Dose ranges of drugs tested in the present study were chosen based on the previously observed ratios between potency in the c-fos paradigm and in vitro affinity of drugs at the presumed target. Previously tested agents include the 5-HT1 receptor agonist CP-93,129 (Nozaki et al., 1992b), the NK1 receptor antagonist RPR-100893 (Cutrer et al., 1995b), the GABAA receptor antagonist bicuculline (Cutrer et al., 1995a) and the NMDA receptor antagonist MK-801 (Mitsikostas et al., 1998) and the 5-hydroxytryptamine1B/1D/1F receptor agonist sumatriptan (Mitsiko et al., 1999 in press). Each drug was first tested at a relatively high dose. If a significant activity was observed, the dose was gradually decreased until the drug lost significant efficacy. Because day to day variations were observed in the c-fos response to intracisternal capsaicin, a separate control group was used for each drug-treatment. Drug vehicle (normal saline, i.p., n=10) and the selective AMPA/kainate receptor antagonist 6-cyano-7-nitroquinoxaline-2,3-dione disodium (CNQX) 15 mg kg−1 (n=8), 3 mg kg−1 (n=8), 0.6 mg kg−1 (n=8), 0.1 mg kg−1 (n=6), or 0.02 mg kg−1 (n=6) were injected i.p. in urethane anaesthetized rats. The selective AMPA receptor antagonist 1,2,3,4-tetrahydro-6-nitro-2,3-dioxo-benzo[f]quinoxaline-7-sulphonamide disodium (NBQX) 1 mg kg−1 (n=7), 0.1 mg kg−1 (n=7), and 0.01 mg kg−1 (n=7), or drug vehicle (normal saline, n=9) were administered in another set of animals. The kainate receptor antagonists γ-(R-)-glutamylaminomethane-sulphonic acid (GAMS) 1 mg kg−1 (n=7) and 10 mg kg−1 (n=8) and the selective agonist of group III mGluRs 2-amino-4-phosphono-S-butanoic acid (L-AP4) 3 mg kg−1 (n=5) and 10 mg kg−1 i.p., (n=12) were injected i.p. in a separate group of animals, a control group for GAMS and L-AP4 treatments received drug-vehicle (normal saline; n=11). The competitive Glu receptor antagonist with high selectivity for the low-affinity [3H]-kainate binding site 6,7,8,9-tetrahydro-5-nitro-1H-benz[g]indole-2,3-dione-3-oxime (NS-102) 1 mg kg−1 (n=5) and 5 mg kg−1 (n=6), or drug-vehicle (dimethyl sulphoxide (DMSO), n=6), were also administered in another set of animals. Because CNQX and NBQX are short acting drugs (Chizh et al., 1994; Birder & de Groat, 1992; Shinozaki et al., 1990), they were administered 15 min before i.c. capsaicin treatment; GAMS, NS-102 and L-AP4 were injected 30 min before capsaicin.

Systemic physiological parameters

Physiological monitoring was carried out in 16 animals. After anaesthesia with i.p. urethane and placement of the intracisternal catheter, a catheter (PE-50, internal diameter 0.58 mm; Becton Dickinson Co., Sparks, MD, U.S.A.) was placed in the left femoral artery. The effects of i.c. capsaicin injection on arterial pH, PaCO2 and PaO2, mean arterial blood pressure (MABP) and heart rate (HR) were measured before drug administration, 15 min after drug treatment, 10 and 30 min after capsaicin administration. HR and MABP were monitored continuously for 60 min in animals pretreated with i.p. CNQX 1 mg kg−1 (n=4), NBQX 1 mg kg−1 (n=4), L-AP4 10 mg kg−1 (n=4) and drug vehicle (n=4). Blood gases and pH measurements were performed four times in each animal (15 min after the placement of the catheter, i.e. baseline; 10 min after i.p. drug treatment; 10 and 30 min after i.c. capsaicin injection) using a blood gas/pH analyzer (Corning 178; Ciba-Corning Diagnostics, Medford, MA, U.S.A.). MABP and HR were monitored using Mac/Lab8 data acquisition system (AD Instruments, Medford, MA, U.S.A.) equipped with ETH 400 transducer amplifier. Core temperature was maintained at 36–37°C by a homeothermic blanket (Harvard Apparatus No. 551, South Natick, MA, U.S.A.).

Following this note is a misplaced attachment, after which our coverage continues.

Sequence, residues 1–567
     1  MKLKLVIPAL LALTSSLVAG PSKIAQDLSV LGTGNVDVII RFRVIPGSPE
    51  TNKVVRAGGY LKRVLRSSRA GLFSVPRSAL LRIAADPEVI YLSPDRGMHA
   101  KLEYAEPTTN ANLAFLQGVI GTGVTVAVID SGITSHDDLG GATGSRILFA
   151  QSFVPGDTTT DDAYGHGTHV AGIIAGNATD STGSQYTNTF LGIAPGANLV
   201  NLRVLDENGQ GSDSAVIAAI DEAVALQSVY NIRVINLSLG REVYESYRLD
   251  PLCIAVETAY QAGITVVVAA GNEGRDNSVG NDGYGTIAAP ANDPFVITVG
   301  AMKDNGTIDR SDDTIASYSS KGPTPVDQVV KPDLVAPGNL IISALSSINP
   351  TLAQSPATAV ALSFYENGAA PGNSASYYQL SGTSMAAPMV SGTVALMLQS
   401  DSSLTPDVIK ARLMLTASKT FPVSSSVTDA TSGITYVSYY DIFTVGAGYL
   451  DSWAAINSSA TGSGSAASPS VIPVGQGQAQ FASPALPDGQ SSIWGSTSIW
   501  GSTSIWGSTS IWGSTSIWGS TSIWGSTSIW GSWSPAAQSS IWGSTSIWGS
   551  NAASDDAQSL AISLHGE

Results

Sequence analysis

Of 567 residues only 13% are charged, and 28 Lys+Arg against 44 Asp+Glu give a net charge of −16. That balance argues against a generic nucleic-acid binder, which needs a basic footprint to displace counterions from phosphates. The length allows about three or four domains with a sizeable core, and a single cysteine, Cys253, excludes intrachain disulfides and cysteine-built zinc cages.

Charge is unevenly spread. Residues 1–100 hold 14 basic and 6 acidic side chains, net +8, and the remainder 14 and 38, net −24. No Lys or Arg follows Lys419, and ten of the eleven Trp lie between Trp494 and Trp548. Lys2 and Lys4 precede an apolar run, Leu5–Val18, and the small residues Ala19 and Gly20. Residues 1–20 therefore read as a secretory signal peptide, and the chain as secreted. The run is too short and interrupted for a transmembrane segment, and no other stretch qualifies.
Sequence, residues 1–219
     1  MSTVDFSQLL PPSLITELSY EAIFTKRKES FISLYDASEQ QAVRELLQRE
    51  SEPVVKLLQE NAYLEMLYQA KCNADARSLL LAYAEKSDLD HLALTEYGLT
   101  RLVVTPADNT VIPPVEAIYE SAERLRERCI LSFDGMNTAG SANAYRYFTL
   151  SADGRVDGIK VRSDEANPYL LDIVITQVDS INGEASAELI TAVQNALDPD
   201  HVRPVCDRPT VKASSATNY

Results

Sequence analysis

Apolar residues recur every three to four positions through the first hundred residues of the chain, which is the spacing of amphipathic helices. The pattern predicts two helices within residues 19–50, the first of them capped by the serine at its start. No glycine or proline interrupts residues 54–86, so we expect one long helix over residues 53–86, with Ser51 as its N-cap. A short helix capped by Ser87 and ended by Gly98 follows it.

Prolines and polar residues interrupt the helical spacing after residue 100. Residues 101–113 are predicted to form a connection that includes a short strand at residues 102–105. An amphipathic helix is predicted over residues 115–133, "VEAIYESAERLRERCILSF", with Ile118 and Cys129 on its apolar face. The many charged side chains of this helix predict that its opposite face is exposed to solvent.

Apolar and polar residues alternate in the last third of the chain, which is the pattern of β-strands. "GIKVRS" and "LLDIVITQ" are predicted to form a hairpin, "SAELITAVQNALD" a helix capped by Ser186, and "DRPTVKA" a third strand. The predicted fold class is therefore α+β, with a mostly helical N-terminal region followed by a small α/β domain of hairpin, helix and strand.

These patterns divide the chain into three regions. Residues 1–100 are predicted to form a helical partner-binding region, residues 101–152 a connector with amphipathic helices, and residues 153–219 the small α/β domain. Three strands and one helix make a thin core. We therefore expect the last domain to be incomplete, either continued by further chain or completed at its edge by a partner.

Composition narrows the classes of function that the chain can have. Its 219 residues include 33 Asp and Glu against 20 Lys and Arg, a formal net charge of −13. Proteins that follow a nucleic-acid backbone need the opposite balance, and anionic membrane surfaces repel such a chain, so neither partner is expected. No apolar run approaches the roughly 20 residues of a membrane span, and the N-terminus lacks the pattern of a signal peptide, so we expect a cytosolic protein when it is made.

A fresh capsaicin solution (8-methyl-N-vanillyl-6-nonenamide, Sigma, St. Louis, MO, U.S.A) was made 2 h before use. Capsaicin (1.5 mg) was diluted in 1 ml of saline : ethanol : Tween 80 (8 : 1 : 1) and sonicated for 30 min. The solution was further diluted into artificial CSF (in mM): NaCl 132, KCl 3, MgCl2 0.6, CaCl2 1.5, NaHCO3 49, urea 6.6, D(+)-glucose 7.4, HEPES 5, pH adjusted to 7.4) to a final concentration of 50 μM. CNQX disodium, NBQX disodium, GAMS and L-AP4 (Research Biochemical International, Natick, MA, U.S.A.) were dissolved in normal saline. NS-102 (Research Biochemical International) was dissolved in DMSO (Sigma). Urethane (ethyl carbamate, Sigma) was diluted in water (3.4 M). Sodium pentobarbitone was obtained from Abbott Laboratories (Chicago, IL, U.S.A.).